The main obstacle holding back progress ending America's increasingly-silly obsession with cannabis is the Controlled Substances Act. Specifically, it's the politically-motivated, scientifically-unsound classification of marijuana as a Schedule I controlled substance. According to Congress, cannabis is just as dangerous as heroin and LSD, more dangerous than cocaine and methamphetamine, is highly addictive and has no medical use.
Schedule I drugs are also in a kind of purgatory. They cannot be prescribed or, in most cases, obtained for medical research aside for studies showing what a bad thing they are. Removing marijuana from Schedule I and into Schedule II, where it can be prescribed and have its medical potential widely researched, has been a cause celebre of drug activists for decades, but efforts to convince and then sue federal authorities into rescheduling have failed.
Now, there are more and more U.S. senators backing a bill that would reschedule the drug. Might not President Barack Obama reschedule on his way out of office? He might. According to the activists that worked on the legalization measure that has made recreational marijuana legal for adults in D.C. — the place where you can legally smoke weed in front of the institutions that have outlawed it — the White House is inviting them in for a meeting to talk about just that.
Is a real 420 miracle afoot?
[jump] DCMJ is the group of activists who crafted and won the campaign to convince voters to pass D.C.'s Initiative 71. A few weekends ago, they staged a protest outside of the White House. It was a simple, yet effective affair: they smoked a bunch of weed outside Obama's house, until they received an invitation to come in.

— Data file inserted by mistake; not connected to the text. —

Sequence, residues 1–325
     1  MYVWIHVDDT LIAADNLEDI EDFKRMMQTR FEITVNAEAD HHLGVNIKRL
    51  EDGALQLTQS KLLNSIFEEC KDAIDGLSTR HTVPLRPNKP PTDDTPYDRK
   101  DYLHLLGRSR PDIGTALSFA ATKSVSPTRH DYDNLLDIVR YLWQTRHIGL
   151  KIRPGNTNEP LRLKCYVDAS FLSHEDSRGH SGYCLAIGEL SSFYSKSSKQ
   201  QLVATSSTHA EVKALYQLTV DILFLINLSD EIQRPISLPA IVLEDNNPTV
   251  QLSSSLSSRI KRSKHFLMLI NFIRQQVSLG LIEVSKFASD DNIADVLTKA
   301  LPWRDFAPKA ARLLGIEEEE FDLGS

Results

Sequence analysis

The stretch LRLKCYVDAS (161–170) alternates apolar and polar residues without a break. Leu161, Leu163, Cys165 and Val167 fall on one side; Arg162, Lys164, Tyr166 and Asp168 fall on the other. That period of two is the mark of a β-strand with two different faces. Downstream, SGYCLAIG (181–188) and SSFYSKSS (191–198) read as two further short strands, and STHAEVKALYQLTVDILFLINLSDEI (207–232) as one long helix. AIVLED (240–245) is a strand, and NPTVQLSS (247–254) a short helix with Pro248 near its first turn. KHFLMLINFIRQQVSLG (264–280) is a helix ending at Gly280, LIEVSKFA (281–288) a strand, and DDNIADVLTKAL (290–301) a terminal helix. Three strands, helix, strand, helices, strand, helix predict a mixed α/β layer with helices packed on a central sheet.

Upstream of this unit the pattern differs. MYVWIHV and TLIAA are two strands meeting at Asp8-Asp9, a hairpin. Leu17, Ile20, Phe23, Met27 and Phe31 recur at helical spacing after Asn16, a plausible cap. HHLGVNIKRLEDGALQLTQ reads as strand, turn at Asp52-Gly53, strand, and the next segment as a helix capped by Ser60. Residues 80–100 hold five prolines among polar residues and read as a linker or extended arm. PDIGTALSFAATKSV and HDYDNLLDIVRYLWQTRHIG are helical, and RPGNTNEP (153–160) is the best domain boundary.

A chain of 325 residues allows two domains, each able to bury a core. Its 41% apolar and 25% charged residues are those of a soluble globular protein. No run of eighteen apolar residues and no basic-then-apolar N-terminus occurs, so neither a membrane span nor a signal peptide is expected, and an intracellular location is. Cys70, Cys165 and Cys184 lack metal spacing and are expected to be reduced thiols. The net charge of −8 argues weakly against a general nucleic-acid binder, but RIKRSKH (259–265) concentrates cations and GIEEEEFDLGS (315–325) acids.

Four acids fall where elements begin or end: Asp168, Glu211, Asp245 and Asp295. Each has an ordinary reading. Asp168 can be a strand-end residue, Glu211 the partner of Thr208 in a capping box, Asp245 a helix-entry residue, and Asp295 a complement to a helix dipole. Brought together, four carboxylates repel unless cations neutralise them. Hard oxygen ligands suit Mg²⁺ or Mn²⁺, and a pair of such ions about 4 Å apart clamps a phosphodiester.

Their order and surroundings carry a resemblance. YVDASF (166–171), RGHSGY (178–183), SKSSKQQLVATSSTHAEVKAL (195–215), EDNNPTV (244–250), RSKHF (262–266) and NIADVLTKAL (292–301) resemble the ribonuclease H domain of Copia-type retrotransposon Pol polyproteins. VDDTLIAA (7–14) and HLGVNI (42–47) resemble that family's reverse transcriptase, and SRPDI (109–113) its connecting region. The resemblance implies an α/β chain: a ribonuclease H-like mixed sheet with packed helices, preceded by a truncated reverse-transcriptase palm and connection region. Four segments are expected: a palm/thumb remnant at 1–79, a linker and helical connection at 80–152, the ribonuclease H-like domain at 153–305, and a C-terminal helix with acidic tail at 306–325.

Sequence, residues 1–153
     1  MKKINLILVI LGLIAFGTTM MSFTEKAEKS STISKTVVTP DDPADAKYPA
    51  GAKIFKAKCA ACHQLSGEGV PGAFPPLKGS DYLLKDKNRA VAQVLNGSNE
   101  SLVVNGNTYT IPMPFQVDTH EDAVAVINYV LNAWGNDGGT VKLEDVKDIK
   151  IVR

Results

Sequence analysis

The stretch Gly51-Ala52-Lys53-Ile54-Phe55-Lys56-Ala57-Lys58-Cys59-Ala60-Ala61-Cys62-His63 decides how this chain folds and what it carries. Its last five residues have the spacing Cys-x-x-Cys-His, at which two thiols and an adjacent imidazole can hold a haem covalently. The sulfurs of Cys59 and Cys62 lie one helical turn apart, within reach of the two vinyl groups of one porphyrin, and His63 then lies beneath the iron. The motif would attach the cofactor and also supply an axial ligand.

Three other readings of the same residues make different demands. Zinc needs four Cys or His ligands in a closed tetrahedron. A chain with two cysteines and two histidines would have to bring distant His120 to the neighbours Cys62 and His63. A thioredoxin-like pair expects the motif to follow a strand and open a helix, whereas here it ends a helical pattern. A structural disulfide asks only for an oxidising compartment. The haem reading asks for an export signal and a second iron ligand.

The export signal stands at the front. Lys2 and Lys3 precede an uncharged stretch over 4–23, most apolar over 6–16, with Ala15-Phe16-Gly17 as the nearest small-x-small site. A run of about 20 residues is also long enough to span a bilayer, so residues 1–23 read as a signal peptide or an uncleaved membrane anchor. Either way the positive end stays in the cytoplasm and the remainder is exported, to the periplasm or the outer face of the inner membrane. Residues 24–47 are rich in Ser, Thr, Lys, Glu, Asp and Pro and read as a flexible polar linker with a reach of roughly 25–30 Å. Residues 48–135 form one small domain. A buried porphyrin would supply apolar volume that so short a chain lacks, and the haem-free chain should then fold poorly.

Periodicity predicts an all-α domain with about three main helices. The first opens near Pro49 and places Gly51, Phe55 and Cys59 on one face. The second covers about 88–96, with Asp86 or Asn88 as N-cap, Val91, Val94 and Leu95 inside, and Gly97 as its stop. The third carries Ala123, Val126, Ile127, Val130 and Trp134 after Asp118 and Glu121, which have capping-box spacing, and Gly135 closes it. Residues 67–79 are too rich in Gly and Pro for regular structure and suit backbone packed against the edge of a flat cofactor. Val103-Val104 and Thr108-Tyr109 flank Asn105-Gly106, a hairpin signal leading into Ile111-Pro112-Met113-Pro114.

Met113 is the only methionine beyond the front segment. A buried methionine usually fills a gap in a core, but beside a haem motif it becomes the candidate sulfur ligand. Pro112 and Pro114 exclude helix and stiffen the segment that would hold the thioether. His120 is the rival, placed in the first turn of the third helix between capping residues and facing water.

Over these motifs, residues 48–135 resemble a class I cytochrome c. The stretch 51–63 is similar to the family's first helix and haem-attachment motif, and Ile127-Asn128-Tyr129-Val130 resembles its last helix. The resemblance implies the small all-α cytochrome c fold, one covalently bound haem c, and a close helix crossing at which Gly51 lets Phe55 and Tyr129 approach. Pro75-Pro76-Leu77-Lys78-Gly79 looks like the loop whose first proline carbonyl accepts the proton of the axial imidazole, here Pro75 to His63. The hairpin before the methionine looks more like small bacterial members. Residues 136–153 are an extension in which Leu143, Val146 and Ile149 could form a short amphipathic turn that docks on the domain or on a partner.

The White House has invited them in to meet on Monday, April 25, to talk about rescheduling.
Marijuana has been Schedule I since 1970, when Richard Nixon's people decided it would be a good way to ostracize hippies and people of color.
Obama has been a bit erratic on weed but mostly hands-off. His Justice Department has waged a half-hearted, selective war on state-legal cannabis that has mostly let up in the wake of more and more states passing recreational legalization measures.
Though he has not taken any action, his attitude has progressed. In 2009, he laughed off the question of legalization. Now, he's respecting state actions… mostly.
“We have long been hopeful that this President would be the one who would rectify this unnecessary injustice,” said Adam Eidinger, the co-founder of DCMJ. “Now, as his presidency approaches its twilight, we’re again optimistic that President Obama will take action. That’s the message we plan to convey to his aides when we meet.”